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Opinion: Remortgages can avoid fixed-rate roulette

The Bank of England’s decision to lower the base rate to just 0.25 per cent means we are once again in uncharted waters.

Of course, the expectation for many is that this rate cut will bring with it a reduction in mortgage rates.

However, recent research by Legal & General has shown that fixed rates in particular have already seen a substantial decrease since 2009.

As a result, this research suggests that now is the time for borrowers to seize the opportunity to benefit from record-low mortgage rates by speaking to a broker and potentially saving thousands of pounds.

Analysis of monthly two- and five-year fixed rates since January 2010 showed a gradual fall on average of 2.5 per cent.

Two-year fixed rates fell from 3.97 per cent to 1.74, whilst the average five-year fixed rate moved from 5.56 per cent in 2010 to 2.57 per cent in June 2016.

There is also evidence that lenders further reduced their rates earlier this year, with a marked fall in rates in the run up to the EU referendum. Average two-year fixed rates fell from 1.88 per cent to 1.74 per cent in this period, while five-year fixed rates saw a fall from 2.71 per cent to 2.57 per cent.

These reductions were in spite of a steady, albeit low, base rate of 0.5 per cent, and indicate that lenders had already begun to price in a potential reduction in their mortgage rates well before the Bank of England’s recent decision.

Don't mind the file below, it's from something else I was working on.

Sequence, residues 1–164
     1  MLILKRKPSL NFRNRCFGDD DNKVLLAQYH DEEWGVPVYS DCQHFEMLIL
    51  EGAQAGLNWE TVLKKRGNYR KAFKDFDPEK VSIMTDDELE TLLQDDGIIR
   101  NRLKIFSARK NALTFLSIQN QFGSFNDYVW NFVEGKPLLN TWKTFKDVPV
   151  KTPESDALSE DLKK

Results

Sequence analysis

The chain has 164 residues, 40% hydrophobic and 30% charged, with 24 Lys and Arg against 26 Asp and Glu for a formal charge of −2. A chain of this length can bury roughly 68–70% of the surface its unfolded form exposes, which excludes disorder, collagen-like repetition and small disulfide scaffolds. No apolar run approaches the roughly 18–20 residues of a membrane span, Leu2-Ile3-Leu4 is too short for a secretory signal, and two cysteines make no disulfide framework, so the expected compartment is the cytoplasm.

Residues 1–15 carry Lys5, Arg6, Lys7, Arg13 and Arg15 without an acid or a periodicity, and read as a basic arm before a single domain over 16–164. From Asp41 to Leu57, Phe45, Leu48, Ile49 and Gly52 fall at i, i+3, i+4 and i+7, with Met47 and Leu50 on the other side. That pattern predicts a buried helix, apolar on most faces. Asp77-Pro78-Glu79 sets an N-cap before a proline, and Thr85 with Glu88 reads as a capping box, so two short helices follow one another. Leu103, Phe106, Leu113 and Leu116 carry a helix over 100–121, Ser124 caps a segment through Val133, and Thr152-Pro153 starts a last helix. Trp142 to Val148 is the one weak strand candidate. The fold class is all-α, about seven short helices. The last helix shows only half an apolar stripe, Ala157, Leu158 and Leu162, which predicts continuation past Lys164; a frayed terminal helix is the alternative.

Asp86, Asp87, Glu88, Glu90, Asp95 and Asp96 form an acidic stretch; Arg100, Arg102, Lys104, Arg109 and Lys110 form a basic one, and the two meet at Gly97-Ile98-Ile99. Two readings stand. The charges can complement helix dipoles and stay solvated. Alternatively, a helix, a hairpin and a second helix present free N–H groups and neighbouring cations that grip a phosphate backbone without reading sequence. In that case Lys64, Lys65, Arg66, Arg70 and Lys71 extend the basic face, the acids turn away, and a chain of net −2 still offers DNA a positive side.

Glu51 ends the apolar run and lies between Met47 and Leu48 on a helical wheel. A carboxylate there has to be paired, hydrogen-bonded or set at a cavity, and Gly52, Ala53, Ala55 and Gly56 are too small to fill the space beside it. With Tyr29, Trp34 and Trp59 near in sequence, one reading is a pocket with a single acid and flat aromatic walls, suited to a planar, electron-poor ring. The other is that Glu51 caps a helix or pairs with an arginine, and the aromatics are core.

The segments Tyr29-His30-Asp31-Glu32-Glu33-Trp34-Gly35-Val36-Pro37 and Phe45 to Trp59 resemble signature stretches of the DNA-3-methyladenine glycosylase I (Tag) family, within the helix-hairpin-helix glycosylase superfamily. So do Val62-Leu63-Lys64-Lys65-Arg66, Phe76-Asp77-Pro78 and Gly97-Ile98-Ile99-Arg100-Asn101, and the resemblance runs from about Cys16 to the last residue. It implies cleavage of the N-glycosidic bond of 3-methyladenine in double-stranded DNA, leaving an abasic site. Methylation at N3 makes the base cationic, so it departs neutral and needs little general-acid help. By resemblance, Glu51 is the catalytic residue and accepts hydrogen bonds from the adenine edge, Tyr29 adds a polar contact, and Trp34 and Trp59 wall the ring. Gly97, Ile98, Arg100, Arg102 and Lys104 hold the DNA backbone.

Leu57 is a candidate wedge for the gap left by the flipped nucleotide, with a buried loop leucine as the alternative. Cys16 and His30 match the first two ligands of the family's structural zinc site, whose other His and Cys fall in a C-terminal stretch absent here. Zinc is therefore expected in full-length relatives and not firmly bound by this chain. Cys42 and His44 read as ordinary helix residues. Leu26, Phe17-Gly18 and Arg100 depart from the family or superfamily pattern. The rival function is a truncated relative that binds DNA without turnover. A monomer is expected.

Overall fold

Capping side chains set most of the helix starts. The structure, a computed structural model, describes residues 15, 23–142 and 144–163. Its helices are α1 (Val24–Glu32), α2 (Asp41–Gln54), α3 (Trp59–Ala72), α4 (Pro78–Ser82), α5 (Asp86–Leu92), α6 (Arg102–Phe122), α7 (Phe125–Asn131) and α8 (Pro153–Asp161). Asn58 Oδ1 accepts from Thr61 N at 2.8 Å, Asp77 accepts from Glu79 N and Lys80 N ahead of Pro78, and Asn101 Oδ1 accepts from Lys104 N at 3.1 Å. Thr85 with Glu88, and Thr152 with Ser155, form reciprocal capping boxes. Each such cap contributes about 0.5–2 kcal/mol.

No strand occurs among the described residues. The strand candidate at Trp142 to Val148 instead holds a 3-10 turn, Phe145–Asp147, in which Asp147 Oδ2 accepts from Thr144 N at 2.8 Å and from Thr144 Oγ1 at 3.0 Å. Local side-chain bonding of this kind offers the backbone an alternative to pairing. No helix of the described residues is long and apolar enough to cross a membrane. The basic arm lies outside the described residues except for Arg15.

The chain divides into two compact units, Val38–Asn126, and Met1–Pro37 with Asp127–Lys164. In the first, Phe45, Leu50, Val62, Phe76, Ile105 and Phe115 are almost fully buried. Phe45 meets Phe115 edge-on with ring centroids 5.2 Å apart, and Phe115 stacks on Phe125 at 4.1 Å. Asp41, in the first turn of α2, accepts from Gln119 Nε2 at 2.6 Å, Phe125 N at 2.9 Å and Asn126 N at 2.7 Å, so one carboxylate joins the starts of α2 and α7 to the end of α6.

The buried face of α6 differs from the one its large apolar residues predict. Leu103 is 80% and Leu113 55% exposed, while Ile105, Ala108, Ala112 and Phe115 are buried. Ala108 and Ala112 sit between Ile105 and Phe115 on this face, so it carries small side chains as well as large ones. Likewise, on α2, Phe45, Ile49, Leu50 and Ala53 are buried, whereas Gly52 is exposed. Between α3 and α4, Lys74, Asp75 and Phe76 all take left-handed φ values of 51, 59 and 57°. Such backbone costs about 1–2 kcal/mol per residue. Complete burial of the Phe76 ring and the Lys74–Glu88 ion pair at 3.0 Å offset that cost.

Perhaps more interesting, however, is the fact that fixed rates have also jumped upwards during this six year period, with the fluctuations driven by sentiment in the wider financial markets.

We’ve noted a 0.8 per cent increase in two-year rates from September 2011 to June 2012 for example, amid other variations.

These increases have largely corresponded with wider turbulence in the markets, including issues around banks stress testing in early 2012. In most cases, these developments affected lenders’ capital and therefore the availability of funds.

It’s important that borrowers and advisers recognise the unpredictable nature of these changes, as fixed rates could increase in the future even if the base rate remains at its record low, or does the unthinkable and falls again. As such, now is an excellent time for borrowers to re-assess their finances and speak with a broker about remortgaging.

A recent study by Legal & General Mortgage Club found that on average consumers could make a significant saving if they switched their SVR mortgage to a fixed rate – in some cases, the equivalent of a summer family holiday. There are plenty of good deals out there, and by speaking with an adviser, borrowers will have a good chance of securing a favourable arrangement on a mortgage that is right for them.

At the same time, brokers also need to make the most of these uncertain times. Brokers shouldn’t work on the assumption that their customers will call them, but should instead proactively look after their back book, speak with their clients and deepen the existing adviser-customer relationship by helping their clients to potentially save thousands of pounds by remortgaging.

Advisers should also take this opportunity to futureproof their businesses against potential challenges and threats further down the line, rather than taking the good times for granted.

Whether it is protection, conveyancing or buy-to-let mortgages, brokers would do well to maximise their business leads. This will be achieved by providing advice on a range of financial matters, for both new and existing clients, rather than simply following-up on the products that customers already own.

After all, one thing is for sure: if brokers aren’t willing to engage with their clients and keep in close contact with them, someone else will be.

Jeremy Duncombe is director of Legal & General Mortgage Club



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